What’s on : Lectures
Lifeways and deathways of the first farmers in Europe
Dr Penny Bickle, Department of Archaeology, University of York
Alongside poorer health, longer working hours and the risk of famine, farming is also long thought to have brought about inequalities of different forms. This talk will draw on new evidence from the earliest farmers in Europe – from a period called the Neolithic – to rethink this claim. Bioarchaeological data can now tell us about the diversity of diet and health, and these aspects of people’s lives intersect with mobility. The burials of men and women can tell us about the sexed division of labour, as well as status differences between individuals. Together this analysis can help us approach to the question of, given all the negative impacts of farming, why did we bother at all?
This event will be held on Zoom and an invitation will be sent to YPS members a couple of days before the event.
Image: A reconstructed Neolithic longhouse, MAMUZ Museum, Austria.
Neolithic culture gradually spread north west across Europe from about 7000 BCE. These people were the first farmers, now blamed for introducing inequality into society. Dr Bickle’s research in Central Europe aims to test the archaeological evidence for this claim.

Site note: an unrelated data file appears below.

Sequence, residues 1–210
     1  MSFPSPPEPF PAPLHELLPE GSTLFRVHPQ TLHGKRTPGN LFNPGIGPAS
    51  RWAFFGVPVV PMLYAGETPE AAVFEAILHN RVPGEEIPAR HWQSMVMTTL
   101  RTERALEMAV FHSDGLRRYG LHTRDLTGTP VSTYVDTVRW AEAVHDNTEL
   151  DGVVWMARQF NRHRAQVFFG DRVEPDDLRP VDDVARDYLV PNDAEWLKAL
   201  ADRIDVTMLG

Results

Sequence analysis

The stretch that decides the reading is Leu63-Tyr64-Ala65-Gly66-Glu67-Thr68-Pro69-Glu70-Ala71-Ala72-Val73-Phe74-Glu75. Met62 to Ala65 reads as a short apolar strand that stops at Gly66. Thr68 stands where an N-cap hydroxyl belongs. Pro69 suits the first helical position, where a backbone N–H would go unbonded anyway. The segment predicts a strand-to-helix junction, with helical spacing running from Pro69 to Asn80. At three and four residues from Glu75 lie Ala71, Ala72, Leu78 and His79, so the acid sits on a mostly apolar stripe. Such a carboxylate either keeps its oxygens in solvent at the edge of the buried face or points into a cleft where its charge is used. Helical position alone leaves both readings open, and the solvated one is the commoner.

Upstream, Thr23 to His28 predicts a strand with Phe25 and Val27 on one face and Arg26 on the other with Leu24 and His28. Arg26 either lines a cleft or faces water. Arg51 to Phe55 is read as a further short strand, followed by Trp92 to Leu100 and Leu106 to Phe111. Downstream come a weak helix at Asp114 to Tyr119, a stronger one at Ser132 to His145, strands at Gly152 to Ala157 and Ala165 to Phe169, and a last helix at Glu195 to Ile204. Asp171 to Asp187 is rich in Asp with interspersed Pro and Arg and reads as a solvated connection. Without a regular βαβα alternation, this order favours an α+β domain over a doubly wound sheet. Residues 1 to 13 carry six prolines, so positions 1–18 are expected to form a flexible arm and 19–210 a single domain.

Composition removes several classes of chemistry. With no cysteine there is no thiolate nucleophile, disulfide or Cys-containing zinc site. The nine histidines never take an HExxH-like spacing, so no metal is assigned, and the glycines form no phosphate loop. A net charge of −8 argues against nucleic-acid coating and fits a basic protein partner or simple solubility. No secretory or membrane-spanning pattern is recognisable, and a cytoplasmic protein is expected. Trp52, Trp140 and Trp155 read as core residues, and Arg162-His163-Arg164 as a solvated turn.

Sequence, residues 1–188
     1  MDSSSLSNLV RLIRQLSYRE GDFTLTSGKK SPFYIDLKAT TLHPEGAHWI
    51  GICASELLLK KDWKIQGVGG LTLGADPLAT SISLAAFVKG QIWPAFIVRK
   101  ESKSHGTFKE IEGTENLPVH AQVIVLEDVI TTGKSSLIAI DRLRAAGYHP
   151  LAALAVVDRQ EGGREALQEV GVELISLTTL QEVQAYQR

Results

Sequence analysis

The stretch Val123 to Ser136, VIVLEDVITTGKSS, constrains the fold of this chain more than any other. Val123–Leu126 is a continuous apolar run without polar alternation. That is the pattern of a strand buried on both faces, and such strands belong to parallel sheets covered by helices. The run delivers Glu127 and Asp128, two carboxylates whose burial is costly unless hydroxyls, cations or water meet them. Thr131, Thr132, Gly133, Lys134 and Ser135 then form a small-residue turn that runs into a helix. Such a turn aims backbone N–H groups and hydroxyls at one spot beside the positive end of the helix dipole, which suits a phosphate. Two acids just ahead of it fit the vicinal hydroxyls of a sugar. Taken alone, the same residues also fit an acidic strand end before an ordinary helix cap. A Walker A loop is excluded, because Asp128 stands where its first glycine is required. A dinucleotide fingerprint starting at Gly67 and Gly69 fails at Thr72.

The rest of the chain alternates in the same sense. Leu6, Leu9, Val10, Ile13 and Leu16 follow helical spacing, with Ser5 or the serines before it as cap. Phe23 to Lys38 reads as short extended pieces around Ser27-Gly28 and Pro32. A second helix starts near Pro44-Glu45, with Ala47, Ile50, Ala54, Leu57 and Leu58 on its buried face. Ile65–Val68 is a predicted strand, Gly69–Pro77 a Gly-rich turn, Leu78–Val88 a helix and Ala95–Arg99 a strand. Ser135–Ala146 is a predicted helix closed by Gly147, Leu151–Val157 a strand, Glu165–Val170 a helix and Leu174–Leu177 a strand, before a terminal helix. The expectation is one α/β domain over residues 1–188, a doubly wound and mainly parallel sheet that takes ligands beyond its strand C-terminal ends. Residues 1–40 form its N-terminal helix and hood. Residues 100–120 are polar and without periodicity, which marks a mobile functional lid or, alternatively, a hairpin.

The introduction of farming brought fundamental changes to food, landscape, and health. People lived together in settlements of long houses, each probably occupied by a single family, along with their livestock. Settlements included different groups with distinct pottery styles and farming practices. There is some suggestion of inheritance of more desirable land close to houses.
Burial practices are difficult to interpret. Suggestions that men had higher status than women may not be substantiated, as grave goods were similar for both sexes, though a particular stone tool was buried only with men.
Strontium analysis of teeth suggests that men remained in the same geographical area, while women were more mobile. Examination of skeletons provides evidence of division of labour, with butchery and woodwork done by men, while women processed hides – considered a high-status task.
Dr Bickle concludes that the evidence suggests differences between people, rather than gross inequality.